Velonaki's Diamandini was part of a five-year project that ends this year. The goal was not just building interesting robotic machines, but also gathering data on how visitors interacted with the installations. Velonaki and her team recorded data of how more than 28,000 people interacted with their robotic statue. Their work gives us a glimpse into how robots can make an emotional connection to engage humans.

In 2009, Velonaki set out to "make something you wanted to hug, [just as parents] want to embrace their children." The result was Diamandini, designed to elicit a social and physical response from visitors. Velonaki says that, on average, about 80 percent of visitors reached out to touch the robot's hands, arms, or torso. She says that their current research involves adding a flexible, soft touch sensor that will let them record a broader range of physical interactions, from a subtle stroke to a hard push or poke.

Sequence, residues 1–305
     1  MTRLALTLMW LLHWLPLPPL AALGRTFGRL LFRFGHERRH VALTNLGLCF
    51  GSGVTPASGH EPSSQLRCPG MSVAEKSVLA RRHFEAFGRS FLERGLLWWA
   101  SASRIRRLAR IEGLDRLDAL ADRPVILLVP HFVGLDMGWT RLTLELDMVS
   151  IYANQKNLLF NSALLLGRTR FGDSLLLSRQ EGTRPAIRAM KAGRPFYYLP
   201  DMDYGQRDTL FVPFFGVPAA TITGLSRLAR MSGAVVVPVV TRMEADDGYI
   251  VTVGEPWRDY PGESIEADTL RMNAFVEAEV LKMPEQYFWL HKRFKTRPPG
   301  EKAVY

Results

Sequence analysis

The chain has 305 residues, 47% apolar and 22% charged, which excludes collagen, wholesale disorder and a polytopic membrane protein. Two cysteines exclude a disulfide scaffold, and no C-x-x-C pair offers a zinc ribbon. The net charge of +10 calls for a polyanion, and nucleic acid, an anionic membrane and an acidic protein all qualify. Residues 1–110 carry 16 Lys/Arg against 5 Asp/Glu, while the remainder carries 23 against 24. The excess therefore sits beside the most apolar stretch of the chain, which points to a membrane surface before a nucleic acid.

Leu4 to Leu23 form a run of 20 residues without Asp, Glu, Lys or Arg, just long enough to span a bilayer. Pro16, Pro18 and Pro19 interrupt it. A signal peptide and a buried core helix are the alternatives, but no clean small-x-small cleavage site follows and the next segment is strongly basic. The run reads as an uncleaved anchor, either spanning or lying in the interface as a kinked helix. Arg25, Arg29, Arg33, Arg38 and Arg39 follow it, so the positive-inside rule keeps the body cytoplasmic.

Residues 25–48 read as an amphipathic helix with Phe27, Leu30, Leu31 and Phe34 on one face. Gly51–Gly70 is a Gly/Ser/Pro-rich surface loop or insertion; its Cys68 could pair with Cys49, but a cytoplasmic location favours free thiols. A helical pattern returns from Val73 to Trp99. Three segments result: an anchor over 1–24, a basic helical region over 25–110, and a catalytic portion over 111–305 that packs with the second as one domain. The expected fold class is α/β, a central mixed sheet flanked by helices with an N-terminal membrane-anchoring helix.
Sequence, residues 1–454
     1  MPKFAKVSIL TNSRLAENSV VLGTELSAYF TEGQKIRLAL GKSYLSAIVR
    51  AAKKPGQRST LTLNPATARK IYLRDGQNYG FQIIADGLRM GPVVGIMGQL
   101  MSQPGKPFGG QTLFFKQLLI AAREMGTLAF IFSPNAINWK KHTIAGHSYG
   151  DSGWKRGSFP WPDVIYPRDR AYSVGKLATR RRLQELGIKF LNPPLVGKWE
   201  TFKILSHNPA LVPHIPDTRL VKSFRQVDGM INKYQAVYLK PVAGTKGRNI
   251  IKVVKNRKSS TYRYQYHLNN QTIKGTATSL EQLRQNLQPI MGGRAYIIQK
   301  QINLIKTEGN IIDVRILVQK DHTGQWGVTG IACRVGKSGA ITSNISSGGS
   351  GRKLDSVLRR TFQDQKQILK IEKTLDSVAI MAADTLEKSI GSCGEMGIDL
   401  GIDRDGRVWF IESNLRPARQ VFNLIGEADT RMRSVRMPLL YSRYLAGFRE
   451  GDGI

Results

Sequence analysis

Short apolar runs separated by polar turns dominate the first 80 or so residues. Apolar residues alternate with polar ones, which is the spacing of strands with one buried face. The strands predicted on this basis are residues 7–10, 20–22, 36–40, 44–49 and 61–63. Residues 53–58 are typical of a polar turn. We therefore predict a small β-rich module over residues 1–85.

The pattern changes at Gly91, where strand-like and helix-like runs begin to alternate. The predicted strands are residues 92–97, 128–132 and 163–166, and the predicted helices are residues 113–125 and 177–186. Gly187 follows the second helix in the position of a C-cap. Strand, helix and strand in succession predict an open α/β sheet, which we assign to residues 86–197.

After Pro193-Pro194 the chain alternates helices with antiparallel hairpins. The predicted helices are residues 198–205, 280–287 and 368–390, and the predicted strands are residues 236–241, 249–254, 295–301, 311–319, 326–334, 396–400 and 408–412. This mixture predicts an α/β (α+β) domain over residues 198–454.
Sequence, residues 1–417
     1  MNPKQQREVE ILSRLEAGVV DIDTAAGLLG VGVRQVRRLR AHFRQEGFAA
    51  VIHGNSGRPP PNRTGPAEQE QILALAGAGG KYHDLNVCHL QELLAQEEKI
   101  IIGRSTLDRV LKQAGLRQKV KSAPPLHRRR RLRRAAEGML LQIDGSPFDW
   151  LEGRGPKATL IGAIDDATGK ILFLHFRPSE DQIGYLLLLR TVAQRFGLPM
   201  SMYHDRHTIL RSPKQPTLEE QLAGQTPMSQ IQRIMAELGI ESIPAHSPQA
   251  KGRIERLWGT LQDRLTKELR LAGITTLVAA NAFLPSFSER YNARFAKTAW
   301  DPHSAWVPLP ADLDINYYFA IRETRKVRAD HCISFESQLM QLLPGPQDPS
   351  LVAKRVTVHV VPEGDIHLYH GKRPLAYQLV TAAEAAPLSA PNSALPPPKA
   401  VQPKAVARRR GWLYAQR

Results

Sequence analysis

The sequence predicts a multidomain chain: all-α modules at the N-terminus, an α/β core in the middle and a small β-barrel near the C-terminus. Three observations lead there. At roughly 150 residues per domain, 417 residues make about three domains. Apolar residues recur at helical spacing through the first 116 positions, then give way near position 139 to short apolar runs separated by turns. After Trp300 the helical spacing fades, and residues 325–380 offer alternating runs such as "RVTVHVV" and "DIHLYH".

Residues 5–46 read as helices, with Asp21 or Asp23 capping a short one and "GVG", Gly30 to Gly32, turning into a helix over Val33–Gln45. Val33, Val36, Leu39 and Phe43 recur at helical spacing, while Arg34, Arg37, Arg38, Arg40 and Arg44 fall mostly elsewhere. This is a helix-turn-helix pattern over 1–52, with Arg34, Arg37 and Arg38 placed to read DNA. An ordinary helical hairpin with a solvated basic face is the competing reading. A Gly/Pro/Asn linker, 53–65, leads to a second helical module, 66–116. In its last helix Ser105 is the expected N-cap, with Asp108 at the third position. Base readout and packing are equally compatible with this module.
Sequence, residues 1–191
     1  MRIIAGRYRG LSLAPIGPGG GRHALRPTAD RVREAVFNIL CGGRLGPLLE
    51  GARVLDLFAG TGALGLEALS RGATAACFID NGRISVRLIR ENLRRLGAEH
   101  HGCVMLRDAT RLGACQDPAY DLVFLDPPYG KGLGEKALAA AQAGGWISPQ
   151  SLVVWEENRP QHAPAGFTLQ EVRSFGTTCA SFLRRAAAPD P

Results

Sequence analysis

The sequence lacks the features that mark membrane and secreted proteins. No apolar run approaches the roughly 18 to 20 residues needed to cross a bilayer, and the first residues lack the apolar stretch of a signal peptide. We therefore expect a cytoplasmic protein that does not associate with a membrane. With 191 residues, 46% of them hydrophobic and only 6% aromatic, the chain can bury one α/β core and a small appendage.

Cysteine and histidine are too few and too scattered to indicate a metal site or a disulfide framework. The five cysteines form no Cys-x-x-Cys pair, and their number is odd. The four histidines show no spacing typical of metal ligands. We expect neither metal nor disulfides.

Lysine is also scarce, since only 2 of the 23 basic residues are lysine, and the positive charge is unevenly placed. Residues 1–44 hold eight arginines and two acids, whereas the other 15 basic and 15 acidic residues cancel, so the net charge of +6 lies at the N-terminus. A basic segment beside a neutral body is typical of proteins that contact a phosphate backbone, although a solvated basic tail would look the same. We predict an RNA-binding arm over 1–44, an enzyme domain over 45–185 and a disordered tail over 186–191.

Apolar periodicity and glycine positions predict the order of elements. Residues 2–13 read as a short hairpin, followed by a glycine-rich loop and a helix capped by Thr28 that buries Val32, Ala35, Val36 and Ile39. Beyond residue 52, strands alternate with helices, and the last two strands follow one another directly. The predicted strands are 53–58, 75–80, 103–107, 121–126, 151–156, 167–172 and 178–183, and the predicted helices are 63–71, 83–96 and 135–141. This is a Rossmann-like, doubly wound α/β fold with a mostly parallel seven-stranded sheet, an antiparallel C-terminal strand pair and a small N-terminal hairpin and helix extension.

To enhance the illusion that the robot had a will of its own, the team, which includes Dr. David Rye from University of Sydney’s Centre for Social Robotics, used off-board cameras and lasers to let the robot navigate autonomously in the exhibition room. This approach is similar to their previous long-term robotics installation, Fish-Bird.